If we get this right, it will end the revolving door that too many rough sleepers currently experience

We need to replace the Vagrancy Act with laws that take a more assertive outreach approach. We need to offer greater social care and specialist medical support alongside the safety of a bed. That includes an addiction councillor, the psychiatric help, and the medical support for those who have suffered after years of sleeping rough.

There are currently around 400 beds available each night in Westminster for rough sleepers. However, those beds rarely come with the vital health services required to turn a person’s life around and address often years and decades of abuse and addiction. 

Charities, including The Passage, Crisis and St Mungo’s have highlighted that outreach workers today find it near impossible to secure mental health assessments for rough sleepers. We know that many on the street have complex needs. Some do not have the mental health capacity to make decisions for their own well-being or to accept the help on offer. If this approach is to work, we need to overhaul the mental health threshold. We need to allow outreach workers, working in partnership with specialist homelessness mental health teams, to undertake assessments on the street and make the decision on their behalf. We need rapid access to specialist bed spaces and the required health services attached to that bed.

At present a rough sleeper’s mental state has to become so acute – to the point that he or she is self-harming, or at risk of doing so, and the police need to take emergency action – before they can have a mental health assessment. By that stage it is far too late, which is why we need an assertive outreach approach.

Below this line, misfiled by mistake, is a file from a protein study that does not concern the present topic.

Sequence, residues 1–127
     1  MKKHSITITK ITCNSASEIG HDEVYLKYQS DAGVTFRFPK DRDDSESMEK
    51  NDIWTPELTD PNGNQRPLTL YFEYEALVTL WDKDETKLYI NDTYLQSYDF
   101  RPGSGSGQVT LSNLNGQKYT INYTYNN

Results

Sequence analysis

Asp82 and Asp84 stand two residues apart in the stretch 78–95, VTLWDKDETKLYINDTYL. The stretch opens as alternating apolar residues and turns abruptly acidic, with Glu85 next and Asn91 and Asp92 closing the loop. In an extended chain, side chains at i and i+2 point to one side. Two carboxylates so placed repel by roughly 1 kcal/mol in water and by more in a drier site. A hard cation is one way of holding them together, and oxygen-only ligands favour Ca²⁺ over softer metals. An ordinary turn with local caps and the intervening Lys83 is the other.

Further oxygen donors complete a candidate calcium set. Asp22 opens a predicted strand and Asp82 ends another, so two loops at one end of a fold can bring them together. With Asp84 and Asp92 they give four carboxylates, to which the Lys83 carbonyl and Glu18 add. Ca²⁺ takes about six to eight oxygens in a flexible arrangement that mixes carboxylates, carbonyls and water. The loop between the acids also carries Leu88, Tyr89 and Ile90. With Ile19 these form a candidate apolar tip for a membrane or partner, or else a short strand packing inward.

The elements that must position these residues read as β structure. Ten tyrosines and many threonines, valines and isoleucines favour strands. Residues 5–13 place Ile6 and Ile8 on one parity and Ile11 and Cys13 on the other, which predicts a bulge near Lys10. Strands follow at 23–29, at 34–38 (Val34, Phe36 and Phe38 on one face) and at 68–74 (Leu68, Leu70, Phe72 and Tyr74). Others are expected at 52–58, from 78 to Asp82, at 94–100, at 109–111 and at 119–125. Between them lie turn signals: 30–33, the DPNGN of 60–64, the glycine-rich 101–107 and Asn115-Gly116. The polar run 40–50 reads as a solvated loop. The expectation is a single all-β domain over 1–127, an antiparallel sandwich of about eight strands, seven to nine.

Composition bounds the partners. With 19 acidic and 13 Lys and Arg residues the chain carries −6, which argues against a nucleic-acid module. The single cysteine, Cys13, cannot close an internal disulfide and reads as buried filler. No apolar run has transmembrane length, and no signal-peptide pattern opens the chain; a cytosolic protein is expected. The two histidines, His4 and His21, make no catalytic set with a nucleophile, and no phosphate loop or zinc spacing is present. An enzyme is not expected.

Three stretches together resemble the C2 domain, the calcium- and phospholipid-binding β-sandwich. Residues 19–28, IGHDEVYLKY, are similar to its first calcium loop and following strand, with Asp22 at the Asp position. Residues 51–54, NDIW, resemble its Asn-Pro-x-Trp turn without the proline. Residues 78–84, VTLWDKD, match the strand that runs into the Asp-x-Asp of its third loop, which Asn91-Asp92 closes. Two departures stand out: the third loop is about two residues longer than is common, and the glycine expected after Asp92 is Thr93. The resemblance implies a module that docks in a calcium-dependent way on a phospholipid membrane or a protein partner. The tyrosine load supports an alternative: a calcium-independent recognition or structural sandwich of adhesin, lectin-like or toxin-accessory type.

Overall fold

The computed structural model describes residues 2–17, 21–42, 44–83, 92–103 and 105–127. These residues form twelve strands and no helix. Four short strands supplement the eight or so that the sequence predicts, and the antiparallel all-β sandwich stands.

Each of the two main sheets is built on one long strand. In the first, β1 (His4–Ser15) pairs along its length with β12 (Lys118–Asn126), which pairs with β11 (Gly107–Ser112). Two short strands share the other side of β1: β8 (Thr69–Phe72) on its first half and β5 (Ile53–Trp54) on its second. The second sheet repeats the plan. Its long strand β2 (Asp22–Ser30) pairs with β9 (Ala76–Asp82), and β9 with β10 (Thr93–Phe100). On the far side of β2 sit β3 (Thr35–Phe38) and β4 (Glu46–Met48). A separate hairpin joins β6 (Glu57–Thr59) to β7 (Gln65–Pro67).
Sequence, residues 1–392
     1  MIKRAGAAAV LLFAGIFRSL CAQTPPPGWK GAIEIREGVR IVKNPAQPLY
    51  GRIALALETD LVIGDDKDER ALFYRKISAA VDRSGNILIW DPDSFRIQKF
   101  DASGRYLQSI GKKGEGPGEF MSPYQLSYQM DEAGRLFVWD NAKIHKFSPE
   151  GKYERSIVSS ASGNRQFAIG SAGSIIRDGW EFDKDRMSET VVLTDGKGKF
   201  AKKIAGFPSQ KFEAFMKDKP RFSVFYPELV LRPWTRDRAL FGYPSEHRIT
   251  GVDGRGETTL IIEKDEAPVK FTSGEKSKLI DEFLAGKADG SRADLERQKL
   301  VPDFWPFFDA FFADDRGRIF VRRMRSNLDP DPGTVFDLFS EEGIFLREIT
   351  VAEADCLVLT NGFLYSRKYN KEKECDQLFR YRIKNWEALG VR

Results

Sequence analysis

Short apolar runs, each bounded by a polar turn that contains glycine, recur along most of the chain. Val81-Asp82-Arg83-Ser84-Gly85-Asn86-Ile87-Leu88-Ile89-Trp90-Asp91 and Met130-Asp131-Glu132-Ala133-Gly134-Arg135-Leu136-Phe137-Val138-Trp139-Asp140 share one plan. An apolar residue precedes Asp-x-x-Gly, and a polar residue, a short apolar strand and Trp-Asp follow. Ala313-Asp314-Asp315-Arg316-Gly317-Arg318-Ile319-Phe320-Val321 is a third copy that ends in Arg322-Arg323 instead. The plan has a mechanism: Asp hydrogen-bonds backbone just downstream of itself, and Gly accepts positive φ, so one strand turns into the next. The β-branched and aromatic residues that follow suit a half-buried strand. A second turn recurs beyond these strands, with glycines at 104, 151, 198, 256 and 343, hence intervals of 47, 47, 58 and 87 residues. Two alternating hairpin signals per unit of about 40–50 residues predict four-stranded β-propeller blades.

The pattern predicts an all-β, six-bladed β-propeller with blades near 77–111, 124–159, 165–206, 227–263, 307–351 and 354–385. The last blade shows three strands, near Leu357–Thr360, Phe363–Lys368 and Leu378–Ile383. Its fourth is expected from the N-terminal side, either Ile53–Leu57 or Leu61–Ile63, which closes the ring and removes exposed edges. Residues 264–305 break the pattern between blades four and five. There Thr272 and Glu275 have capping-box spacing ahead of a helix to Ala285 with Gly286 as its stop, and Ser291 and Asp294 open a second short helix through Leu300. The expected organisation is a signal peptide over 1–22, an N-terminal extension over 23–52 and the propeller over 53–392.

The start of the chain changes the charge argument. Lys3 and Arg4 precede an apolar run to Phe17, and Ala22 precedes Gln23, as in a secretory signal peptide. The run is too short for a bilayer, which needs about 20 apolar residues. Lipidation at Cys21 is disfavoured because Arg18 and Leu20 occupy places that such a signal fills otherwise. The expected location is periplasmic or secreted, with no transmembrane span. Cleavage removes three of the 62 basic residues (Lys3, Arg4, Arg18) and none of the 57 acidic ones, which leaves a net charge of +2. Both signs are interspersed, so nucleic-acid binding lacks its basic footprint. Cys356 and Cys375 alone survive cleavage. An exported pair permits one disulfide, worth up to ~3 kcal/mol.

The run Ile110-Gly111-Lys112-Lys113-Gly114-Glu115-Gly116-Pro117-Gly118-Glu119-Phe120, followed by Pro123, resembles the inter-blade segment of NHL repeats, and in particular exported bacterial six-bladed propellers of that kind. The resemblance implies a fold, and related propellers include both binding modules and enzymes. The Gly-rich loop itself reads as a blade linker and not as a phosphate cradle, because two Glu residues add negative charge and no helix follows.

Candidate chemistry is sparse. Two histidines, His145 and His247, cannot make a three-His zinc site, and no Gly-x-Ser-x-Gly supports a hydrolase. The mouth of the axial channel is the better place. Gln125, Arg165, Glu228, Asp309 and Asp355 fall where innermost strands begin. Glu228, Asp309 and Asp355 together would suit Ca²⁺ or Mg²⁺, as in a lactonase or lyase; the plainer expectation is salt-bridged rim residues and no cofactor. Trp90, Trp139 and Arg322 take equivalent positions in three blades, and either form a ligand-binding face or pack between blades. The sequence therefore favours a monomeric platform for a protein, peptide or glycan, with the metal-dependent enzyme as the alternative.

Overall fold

And we must back it up with long term, sustainable funding. Local authorities and charities need to know Government funding for such services will be for at least three years rather than the current annual basis. 

If we get this right, it will end the revolving door that too many rough sleepers currently experience whereby they accept outreach help, are placed in a hostel and eventually into their own accommodation – but too often find themselves back on the streets because their underlying mental health or addictions have not been tackled.

The Government is obviously willing and able to end rough sleeping. Repealing and replacing the Vagrancy Act, longer term funding attaching health services to accommodation, and re-establishing street-based mental health services will do that very thing.